trumps and lynch

Photo by David/Flickr (CC-BY-SA) Photo by aphrodite-in-nyc/Flickr | Photo by US Department of Labor/ Flickr | Remix by Max Fleishman

Like a scene plucked straight from 'House of Cards.'

It might seem like a scene plucked straight from House of Cards.

Former President Bill Clinton met privately with U.S. Attorney General Loretta Lynch on Tuesday at Phoenix's Sky Harbor International Airport, aboard her private plane.

The impromptu meeting was first reported by local Phoenix affiliate ABC15 after a tip from anonymous sources, occurring while Lynch's Justice Department continues its investigation into presumptive Democratic nominee Hillary Clinton's use of private email during her tenure as secretary of state.

Also on Tuesday, House Republicans released their long-awaited report on the deadly Sept. 11, 2012, attacks on a U.S. consulate in Benghazi, Libya, which took place during Clinton's time at the State Department and remains a point of partisan criticism of the Democratic candidate.

The meeting has sparked further controversy for a presidential candidate whom critics see as the embodiment of Washington's veiled political machine and whom many voters view as untrustworthy.

Neither the Donald Trump nor Clinton campaigns immediately responded to our requests for comment about the meeting.

In a press conference following the meeting, Lynch dismissed any notion that her conversation with Clinton, which reportedly lasted roughly 30 minutes, contained any inappropriate discussions of the ongoing email investigation. 

“I did see President Clinton at the Phoenix airport as he was leaving and [he] spoke to myself and my husband on the plane,” Lynch said. “Our conversation was a great deal about grandchildren, it was primarily social about our travels and he mentioned golf he played in Phoenix.” 

Lynch added: “There was no discussion on any matter pending before the Department or any matter pending with any other body. There was no discussion of Benghazi, no discussion of State Department emails. By way of example, I would say it was current news of the day, the Brexit decision and what it would mean.”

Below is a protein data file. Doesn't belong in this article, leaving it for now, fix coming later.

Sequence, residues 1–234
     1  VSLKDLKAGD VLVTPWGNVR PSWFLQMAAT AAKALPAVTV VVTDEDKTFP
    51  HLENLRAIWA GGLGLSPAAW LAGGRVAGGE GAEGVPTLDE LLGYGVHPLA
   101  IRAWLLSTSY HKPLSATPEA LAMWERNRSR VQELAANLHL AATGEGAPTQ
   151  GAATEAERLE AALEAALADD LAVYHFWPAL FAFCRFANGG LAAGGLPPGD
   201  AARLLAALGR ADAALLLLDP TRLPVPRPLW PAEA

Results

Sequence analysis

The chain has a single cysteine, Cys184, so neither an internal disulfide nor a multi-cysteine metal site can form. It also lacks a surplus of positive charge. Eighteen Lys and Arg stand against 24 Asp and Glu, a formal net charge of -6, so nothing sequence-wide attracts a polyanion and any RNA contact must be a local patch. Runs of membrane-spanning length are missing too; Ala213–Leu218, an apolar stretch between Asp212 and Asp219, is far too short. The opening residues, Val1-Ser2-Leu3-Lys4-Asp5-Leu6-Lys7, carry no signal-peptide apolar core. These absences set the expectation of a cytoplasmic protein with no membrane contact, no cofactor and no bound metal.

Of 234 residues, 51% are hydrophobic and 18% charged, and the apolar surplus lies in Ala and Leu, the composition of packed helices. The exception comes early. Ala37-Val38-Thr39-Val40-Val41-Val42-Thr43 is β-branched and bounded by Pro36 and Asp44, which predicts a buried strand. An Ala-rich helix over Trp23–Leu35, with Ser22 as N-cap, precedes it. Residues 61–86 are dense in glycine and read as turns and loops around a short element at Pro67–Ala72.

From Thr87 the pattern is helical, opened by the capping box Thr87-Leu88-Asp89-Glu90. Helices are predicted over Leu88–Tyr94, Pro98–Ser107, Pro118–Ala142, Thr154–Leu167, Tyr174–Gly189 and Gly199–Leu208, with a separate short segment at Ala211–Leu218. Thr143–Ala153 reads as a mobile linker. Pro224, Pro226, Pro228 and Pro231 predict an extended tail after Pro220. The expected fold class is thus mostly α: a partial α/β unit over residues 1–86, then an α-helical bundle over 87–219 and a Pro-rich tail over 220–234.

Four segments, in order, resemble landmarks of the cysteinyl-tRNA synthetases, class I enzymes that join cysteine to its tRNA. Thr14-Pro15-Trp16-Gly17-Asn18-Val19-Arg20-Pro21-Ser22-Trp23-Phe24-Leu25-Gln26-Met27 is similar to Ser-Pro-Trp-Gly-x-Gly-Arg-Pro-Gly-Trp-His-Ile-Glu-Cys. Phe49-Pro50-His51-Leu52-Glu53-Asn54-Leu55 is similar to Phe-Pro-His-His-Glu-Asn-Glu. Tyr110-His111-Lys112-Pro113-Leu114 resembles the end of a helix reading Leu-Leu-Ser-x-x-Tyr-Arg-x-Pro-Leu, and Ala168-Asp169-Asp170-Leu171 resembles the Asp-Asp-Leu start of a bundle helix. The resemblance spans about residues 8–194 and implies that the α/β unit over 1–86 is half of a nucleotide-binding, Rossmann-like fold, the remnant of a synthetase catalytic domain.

While Lynch's discussion with President Clinton has gained steam among the right-wing press and online communities that support presumptive GOP nominee Trump, members of Congress from both sides of the aisle have criticized the meeting but shrugged off any notion that Lynch will not be objective in her role as attorney general.

“I think she should have said, ‘Look, I recognize you have a long record of leadership on fighting crime but this is not the time for us to have that conversation. After the election is over, I'd welcome your advice,’” Sen. Chris Coons (D-Del.) told CNN

Rep. Peter King (R-N.Y.), speaking with MSNBC about the meeting, said President Clinton “obviously ... shouldn't have done it.” King added, “I've had a lot of respect for Loretta Lynch when she was here in New York. I've been somewhat disappointed by some of the things she's done as attorney general.”

While a certain segment of Americans have long distrusted the Clintons, who are sometimes seen as overly private, President Clinton's private conversations with other political players have repeatedly raised eyebrows during the course of the 2016 election

Last August, the Washington Post revealed that Clinton spoke with Trump weeks before the Republican candidate launched his presidential bid, inciting speculation that Trump's bizarre campaign is part of a Clinton plot. Clinton dismissed that notion in October during an appearance on Stephen Colbert's The Late Show.

The FBI investigation into Secretary Clinton's email use is expected to conclude soon. It remains ongoing, putting the investigation within three weeks of the Democratic National Convention in Philadelphia, which begins on July 25. If Clinton were to be indicted, it would not automatically disqualify her candidacy but would add pressure for her to end her campaign.

Clinton's challenger, Sen. Bernie Sanders (I-Vt.), has vowed to remain in the race through the convention.

On Wednesday, famed data journalist and editor-in-chief of FiveThirtyEight Nate Silver gave Clinton a 79 percent chance of beating Trump in the general election.

Correction: The meeting between Clinton and Lynch took place aboard her plane.

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2016 election
Nate Silver predicts Hillary Clinton has a 79 percent chance of beating Donald Trump
FiveThirtyEight statistician Nate Silver predicts presumptive Democratic nominee Hillary Clinton has a nearly 80 percent chance of winning the presidency.
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